Per Mertesacker’s revealing comments about the pressure of modern football have been met with some surprising criticism. DW’s Jonathan Harding asks, what is the world coming to?Per Mertesacker’s comments in Spiegel about being so anxious before games he would nearly vomit are startling, but they are also to be respected and appreciated. Anything else would be inhumane.
Lothar Matthäus who might appreciate Mertesacker’s world more than most ended up showing why he is in the studio and not the dugout. Speaking on Sky Sports in Germany, the 1990 World Cup winner asked how Mertesacker could possibly approach his job working at the Arsenal academy next season in the wake of these revelations.
The comments of some ex-professionals and other media outlets are part of the problem. They smack of men talking about a game they remember rather than the reality of what it is. They — the voice of the all-knowing expert — are part of the reason athletes don’t reveal a deeper truth. They contribute to football’s chamber of pressure. They are partly the reason why it’s so often “I give my all in training” and not “the experience is draining.”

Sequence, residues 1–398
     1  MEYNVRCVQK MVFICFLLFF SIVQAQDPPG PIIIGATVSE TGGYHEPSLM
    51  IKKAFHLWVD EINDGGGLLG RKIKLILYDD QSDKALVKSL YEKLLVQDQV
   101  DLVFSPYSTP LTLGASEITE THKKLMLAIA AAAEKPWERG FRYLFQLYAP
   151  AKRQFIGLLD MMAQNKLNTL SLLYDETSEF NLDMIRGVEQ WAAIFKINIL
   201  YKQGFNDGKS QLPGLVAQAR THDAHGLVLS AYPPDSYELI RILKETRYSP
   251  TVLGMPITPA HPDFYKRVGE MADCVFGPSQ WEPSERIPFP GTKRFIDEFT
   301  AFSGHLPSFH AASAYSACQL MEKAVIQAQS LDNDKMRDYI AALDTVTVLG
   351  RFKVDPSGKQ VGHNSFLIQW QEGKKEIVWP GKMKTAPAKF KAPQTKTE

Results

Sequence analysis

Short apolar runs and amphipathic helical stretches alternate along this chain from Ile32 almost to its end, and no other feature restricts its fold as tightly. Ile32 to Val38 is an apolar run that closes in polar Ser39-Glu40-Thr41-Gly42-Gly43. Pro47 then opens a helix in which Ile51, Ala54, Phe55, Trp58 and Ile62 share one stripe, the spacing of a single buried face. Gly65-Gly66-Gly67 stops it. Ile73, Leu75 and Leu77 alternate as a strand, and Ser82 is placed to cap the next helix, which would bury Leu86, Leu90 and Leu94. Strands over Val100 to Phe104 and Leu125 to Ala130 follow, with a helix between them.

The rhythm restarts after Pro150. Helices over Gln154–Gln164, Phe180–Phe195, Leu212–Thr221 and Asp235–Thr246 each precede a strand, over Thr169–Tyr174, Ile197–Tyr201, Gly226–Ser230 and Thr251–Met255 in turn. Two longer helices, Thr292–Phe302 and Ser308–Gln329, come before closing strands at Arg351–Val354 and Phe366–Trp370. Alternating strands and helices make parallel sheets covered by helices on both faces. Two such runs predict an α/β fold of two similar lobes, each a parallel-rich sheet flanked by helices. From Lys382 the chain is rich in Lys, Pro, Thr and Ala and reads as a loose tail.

In a world of unimaginable pressure and expectation, athletes are constantly expected to perform superhero feats week in, week out without any care given to their human traits. Why? Because they live in a world of unimaginable privilege? To reduce any athlete to their earnings is anything but human. Money may well change a life but it is still a human life.
Mertesacker’s comments are an example of a man not only football needs, but also the world. A good man, an honest man, for whom the world extends beyond the realms of the football field, deserves support. This is a man who was a teammate of Robert Enke, the former Germany goalkeeper who committed suicide.
Anyone brave enough to reveal a truth as startling as his — in a world as unrelenting as his — deserves support.
In an era of football where many fans are being pushed further and further from the game, finances are astounding and come from questionable sources, what could be more necessary than Mertesacker’s comments? The personal experience of pressure and how it affected him not only makes him more a tangible sportsman — a rare thing indeed — but also makes him a better coach. Most of all, it makes him more human.
Truth is harder to find today than perhaps ever before. When it arrives, it should be commended. Most of the responses to Mertesacker’s moving interview did show that change is already here, that acceptance of the human aspect does exist. But this has to be a start, not an anomaly.